A late night for Ptolemy, we arrived on site at about 9.35pm. On leaving the car we were immediately seized upon by midges but a short walk away we found ourselves in a light but cool breeze and the midges vanished, quite unusual for a midsummer nightjar session. A nightjar was already ‘churring’ sporadically from dense cover near the dusty forest track. In the dying light the colours of yellow rattle, red campion and hogweed were just about discernible in the clear fell. I was careful not to wish the precious light away as we waited for the first nightjar sighting.
We positioned ourselves with a great view of the north west sky, our horizon the smooth hills above Ampleforth contrasting with the jagged skyline of pines to our left and to our right. The sky was beautiful, a sky indicative of a very cool summer night ahead- the temperature dropped to 3C in the early hours of Sunday.
A lone swift flew west, silhouetted against the remnants of sunset, labouring into the breeze. I pondered where it was going at low level as the light rapidly faded and came to the conclusion it was a bird from a local village returning to its nest to incubate and roost.
In the wake of the swift a woodcock appeared on its first roding flight of the evening, dumpy and calling its high pitched ‘squeak’, interspersed with frog like croaks. Such characterful birds to see, the wings almost look too blunt and short to carry its rather fat form. We had multiple passes from woodcock roding, on one of the earlier passes we saw it in the same quarter of sky as a noctule bat, also on evening patrol.
Then the ‘churring’ started. It doesn’t matter how many times you have heard a nightjar; its remarkable ‘song’ always feels like a new sound to the ears, both strange and beautiful. I raced to try and find the nightjar perched before we ran out of light. It was against very dark pine trees so scanning the dimming foliage was not easy. Although looking through binoculars you realise your scanning is very much guided by your hearing. I found it on a bare branch, the sort that is made for nightjars! We were in time to discern some of its beautiful cryptic markings and its big eyes before the light faded too much for our optics. So Tolly had his first really good view of a perched nightjar, he even watched it quivering its head at times with the intensity of the churring.
It flew from the branch, lost against the foliage for a while, everything now increasingly silhouetted. We could hear its wing ‘clapping’ display flight but only had glimpses as it stayed below the horizon. Some quick claps with two fingers on back of hand seemed to draw its attention and it flew nearer, on unmistakable slow mechanical wing beats, making calls too complicated for me to describe; just otherworldly.
The light faded and time had evaporated. Tolly’s bedtime was two hours gone as we finally had a view of it flying against the beautiful peachy glow lingering in the north western sky. After a couple more perched views and Tolly’s voice crackling with tiredness, it was time to go. An unforgettable evening topped off with good views of roe deer and badger on the drive home.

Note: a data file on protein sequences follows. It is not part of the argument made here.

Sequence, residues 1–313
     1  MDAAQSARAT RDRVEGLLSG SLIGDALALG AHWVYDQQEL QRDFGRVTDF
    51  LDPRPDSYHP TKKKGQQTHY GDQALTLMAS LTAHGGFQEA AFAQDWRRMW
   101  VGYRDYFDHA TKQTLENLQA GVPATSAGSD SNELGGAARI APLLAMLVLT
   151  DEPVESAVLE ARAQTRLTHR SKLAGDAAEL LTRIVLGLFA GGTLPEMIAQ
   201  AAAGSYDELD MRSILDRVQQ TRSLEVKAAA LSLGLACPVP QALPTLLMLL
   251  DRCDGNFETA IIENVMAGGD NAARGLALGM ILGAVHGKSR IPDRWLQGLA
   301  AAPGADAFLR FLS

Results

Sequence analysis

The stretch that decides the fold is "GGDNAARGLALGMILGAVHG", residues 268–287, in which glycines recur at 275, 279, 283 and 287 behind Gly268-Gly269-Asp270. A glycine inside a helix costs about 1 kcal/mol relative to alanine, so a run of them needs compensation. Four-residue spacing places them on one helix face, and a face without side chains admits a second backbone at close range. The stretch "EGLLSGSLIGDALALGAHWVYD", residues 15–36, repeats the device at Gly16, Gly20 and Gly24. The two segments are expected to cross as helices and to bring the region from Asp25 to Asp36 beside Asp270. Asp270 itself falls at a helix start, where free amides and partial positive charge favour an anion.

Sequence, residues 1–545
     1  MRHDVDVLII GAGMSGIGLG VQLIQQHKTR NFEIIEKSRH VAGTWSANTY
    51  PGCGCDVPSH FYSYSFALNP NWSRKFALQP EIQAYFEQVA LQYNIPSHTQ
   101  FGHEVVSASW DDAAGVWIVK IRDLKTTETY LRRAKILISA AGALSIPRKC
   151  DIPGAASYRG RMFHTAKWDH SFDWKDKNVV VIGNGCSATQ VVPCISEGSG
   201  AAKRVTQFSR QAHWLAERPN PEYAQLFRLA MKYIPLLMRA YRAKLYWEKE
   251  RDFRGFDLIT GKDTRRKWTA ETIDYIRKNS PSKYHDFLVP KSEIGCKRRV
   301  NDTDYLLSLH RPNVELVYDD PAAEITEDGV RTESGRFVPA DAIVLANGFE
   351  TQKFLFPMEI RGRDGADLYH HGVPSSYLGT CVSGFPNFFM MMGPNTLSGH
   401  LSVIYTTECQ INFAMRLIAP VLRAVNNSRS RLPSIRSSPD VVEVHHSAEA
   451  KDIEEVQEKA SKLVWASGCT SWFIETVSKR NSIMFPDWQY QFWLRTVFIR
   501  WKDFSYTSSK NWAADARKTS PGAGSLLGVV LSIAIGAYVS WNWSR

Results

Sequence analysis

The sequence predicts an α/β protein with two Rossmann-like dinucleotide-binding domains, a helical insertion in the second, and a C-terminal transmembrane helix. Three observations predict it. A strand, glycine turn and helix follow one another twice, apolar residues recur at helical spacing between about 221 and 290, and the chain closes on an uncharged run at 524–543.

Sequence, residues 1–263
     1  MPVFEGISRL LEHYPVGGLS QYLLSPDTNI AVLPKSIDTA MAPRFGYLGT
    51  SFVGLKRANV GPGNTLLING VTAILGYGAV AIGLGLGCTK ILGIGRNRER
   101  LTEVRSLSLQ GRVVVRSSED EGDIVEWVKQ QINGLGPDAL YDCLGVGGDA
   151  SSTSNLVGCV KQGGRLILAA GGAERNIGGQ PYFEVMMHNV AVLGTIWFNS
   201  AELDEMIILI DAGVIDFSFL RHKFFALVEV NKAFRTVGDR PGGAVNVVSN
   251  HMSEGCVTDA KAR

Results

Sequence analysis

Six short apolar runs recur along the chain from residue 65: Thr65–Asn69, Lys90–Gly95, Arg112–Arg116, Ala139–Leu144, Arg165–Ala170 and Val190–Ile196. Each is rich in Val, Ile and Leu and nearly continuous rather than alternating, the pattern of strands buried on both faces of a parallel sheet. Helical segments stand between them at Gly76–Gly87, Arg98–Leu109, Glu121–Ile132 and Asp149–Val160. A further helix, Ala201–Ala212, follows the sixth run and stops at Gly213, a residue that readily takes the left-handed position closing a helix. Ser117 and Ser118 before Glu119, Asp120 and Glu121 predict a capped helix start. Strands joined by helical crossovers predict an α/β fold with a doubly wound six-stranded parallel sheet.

There is often a quieter spell around midsummer before the youngest non breeders arrive. These are probably in the main birds born last summer and they really shake things up! They are easily discernible from older birds by their behaviour as they tour round different buildings and practice approach and landing anywhere on the walls- for many probably the first time they have touched a solid surface since fledging. They are not here yet in numbers if at all; in 2020/21 both years they turned up on 23rd June, so I am in anticipation of their arrival this week.
They are very entertaining to watch, just don’t expect them to go in your nest boxes until next year! Sit quietly in the garden with binoculars and you can enjoy fine views of them clinging onto walls if you are quick. Often one follows another and will cling onto its back as it hits the wall before they fall away making violent ‘screams’. They are fickle in poor weather and may disappear for days or even weeks until conditions suit them again. This can happen several times while they are here and often coincides with big swift movements down the East Coast.
These birds reinvigorate ‘screaming’ parties which are occasional for now. On the first evening they arrived in 2020 I recorded 104 low level passes between 8.19- 10.14pm- an exceptional evening’s swift watching! They also wake me up as they descend to perform dawn flypasts having roosted aloft- the 4.15am swift alarm call, but what a sound to wake up to! Indeed these birds swell the number of sky roosting swifts. So for the next month or so we will, in fine weather see the maximum numbers of swifts in the skies above colonies.
All text and images copyright Jonathan Pomroy 2022